Agribusiness deprives the poor of their livelihood and a vital food product

A new report from the organisation GRAIN highlights the importance of milk for the subsistence and health of poor people in many countries in the Southern hemisphere. Most milk markets are run by local vendors who collect the raw milk from small farmers and pastoralists. They are now threatened by large dairy corporations like Nestlé and others, such as PepsiCo and Cargill, which are attempting to take control over the milk trade in these countries, from the farm to the market.

Arrivée d'un bidon de lait à la laiterie de DiébougouLe devant de la laiterie de Diébougou“People’s milk” involves hundreds of millions of people across the world, from small farmers and herders to cheese makers and vendors of fresh local milk. They bring clean, nourishing and affordable milk to hundreds of millions of poor families.

  • 80% of the dairy markets in developing countries are supplied by these “People’s milk” networks, often called the informal sector;

  • 15% of the world population are engaged in milk production ;

  • Small supply networks in the South provide 200 jobs per million litres of milk/year in rural areas, compared to 5 jobs per million litres of milk/year in industrial milk production in the North;

  • In Pakistan, Kenya and Colombia, local “People’s milk” costs half as much as packaged milk in supermarkets.

Small farmers, herders and vendors carry out an impressive job to bring dairy products to the expanding markets in the South. The problem is that large corporations are taking an interest in these same markets and are using a heavy hand to take them away from the poor, aided by governments.

  • Through bilateral trade agreements multinational dairy corporations can periodically dump cheap subsidised milk powder on the market, undercutting the price of local producers;

  • Private regulations and standards are geared towards large companies and lead to the closure of the small local milk markets.

Financial investors and large dairy companies unite their forces to set up mega dairy farms in all the countries of the South. The Cargill hedge fund is now putting 300 million dollars into industrial milk farms in China and India. The world’s largest dairy cooperative, Fonterra, is building farms in China, India and Brazil of a size that would never have been permitted in its country of origin, New Zealand. In Vietnam a bank has started to set up a dairy farm for 137 000 cows. These are environmental and social disasters , causing hardship for millions of people.

Réception du lait à la laiterieA number of actions and measures have been put forward to stop the takeover of the dairy markets by large business companies:

    • High customs tariffs to prevent periodical dumping of imported milk powder and cheap dairy products; Reorientation of milk production towards domestic markets in exporting countries, combined with supply management programmes;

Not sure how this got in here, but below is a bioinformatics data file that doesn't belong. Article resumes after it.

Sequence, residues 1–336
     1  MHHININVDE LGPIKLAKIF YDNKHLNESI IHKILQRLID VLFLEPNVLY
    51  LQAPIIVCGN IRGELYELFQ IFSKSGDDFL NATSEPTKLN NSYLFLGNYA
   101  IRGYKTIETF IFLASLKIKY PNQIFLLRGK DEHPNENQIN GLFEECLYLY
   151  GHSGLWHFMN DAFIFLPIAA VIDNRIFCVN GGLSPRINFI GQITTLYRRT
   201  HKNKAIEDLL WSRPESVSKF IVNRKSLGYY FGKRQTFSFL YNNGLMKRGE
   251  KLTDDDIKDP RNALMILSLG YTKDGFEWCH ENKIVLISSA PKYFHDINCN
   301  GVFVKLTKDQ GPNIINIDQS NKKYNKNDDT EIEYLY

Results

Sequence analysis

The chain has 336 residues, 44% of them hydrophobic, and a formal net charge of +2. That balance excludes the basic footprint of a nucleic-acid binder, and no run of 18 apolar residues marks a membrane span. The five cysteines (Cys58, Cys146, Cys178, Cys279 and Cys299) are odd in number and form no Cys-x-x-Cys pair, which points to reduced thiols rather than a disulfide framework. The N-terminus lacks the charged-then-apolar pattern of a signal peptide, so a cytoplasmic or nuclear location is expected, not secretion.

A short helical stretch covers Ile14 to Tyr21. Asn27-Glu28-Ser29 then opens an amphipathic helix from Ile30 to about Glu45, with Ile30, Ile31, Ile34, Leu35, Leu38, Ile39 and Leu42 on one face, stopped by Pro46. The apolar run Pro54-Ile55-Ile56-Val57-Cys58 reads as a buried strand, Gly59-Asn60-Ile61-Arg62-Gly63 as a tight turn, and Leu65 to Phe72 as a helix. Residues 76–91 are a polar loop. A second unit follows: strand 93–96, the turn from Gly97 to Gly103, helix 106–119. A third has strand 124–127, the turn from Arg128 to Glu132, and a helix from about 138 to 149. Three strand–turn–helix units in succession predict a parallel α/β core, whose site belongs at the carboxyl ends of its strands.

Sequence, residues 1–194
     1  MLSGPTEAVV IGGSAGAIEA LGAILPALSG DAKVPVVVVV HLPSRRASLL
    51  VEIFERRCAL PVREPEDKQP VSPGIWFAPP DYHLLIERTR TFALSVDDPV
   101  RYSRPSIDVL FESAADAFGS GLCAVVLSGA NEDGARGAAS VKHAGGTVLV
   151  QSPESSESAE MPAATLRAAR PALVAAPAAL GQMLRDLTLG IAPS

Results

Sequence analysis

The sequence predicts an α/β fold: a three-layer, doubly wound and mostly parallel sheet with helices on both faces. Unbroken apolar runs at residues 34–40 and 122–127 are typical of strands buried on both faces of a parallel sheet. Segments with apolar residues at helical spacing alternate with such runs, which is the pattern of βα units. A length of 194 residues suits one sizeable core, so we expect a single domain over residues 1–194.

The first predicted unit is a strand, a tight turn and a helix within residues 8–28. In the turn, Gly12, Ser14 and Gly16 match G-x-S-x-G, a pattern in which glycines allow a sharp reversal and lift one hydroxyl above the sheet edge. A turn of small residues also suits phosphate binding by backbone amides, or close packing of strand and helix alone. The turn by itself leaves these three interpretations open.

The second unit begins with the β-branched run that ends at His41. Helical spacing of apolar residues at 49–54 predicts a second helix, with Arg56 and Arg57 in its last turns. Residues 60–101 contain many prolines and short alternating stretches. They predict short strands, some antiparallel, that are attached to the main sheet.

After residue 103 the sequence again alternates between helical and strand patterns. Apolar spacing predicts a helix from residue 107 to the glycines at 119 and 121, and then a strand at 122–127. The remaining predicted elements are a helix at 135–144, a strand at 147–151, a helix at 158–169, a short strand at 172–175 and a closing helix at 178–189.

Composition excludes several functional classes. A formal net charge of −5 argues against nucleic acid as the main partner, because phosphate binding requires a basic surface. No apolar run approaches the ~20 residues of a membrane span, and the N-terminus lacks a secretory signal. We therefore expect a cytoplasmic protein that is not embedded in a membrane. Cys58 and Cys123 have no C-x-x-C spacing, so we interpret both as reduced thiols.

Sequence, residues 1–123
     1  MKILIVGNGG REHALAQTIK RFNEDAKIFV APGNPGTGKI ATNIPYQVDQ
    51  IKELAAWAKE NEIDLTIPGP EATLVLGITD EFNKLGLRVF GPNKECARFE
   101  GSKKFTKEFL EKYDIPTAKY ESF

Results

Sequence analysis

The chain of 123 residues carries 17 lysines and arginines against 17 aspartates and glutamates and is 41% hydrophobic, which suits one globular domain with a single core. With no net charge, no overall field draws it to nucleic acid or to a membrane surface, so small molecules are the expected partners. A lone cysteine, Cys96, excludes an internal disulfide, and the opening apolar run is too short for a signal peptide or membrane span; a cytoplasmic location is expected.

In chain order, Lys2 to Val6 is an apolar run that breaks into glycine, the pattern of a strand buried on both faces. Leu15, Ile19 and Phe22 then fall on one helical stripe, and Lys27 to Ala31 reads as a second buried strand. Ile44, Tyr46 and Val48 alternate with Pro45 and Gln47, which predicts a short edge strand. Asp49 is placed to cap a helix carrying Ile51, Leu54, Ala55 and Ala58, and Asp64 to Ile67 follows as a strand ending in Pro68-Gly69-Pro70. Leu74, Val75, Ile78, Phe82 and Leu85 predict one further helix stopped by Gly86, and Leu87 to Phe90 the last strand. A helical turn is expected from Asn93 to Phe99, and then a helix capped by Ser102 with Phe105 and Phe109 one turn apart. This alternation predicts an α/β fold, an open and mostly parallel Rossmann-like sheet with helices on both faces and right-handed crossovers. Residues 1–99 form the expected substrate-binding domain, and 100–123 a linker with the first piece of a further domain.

• Food security systems directed to the needs of the population and not the profits of business companies;

    • Boycotts of large dairy corporations and supermarkets;

    • Disinvestment campaigns targeting funds aimed at industrial milk production in the countries of the South;

    • Solidarity inside and across frontiers between milk producers, small vendors and processors, consumers and workers in the dairy industry.

“People’s milk“ is up against powerful forces. But the experiences from Colombia and elsewhere prove that the case can be won, because vast numbers of people depend upon it for their subsistence and the well-being of their families. It is precisely the type of small scale food scheme that the world needs to fight poverty, hunger and climate change and we should all rally to support them.

The full report is available at

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This kind of milk robbery does not exist in Burkina Faso. However, milk powder and sweetened condensed milk substitutes (vegetable fats + sugar + traces of milk powder) are everywhere. Nevertheless, prevention is better than cure. Protecting producers against such trends was one of the reasons for setting up the National Union of Mini Dairies in Burkina.

A few days ago I took part in the recording of a national TV programme “Parlons-en”(Let’s talk about it) on the development of the milk trade in Burkina, to be broadcast shortly. Three members of the National Union of Mini Dairies and a representative of the Ministry of Animal Resources discussed the issue … It appears that the doors to dialogue are wide open today. It only remains to step forward!

In the meantime I invite you to watch out, not to miss the programme.

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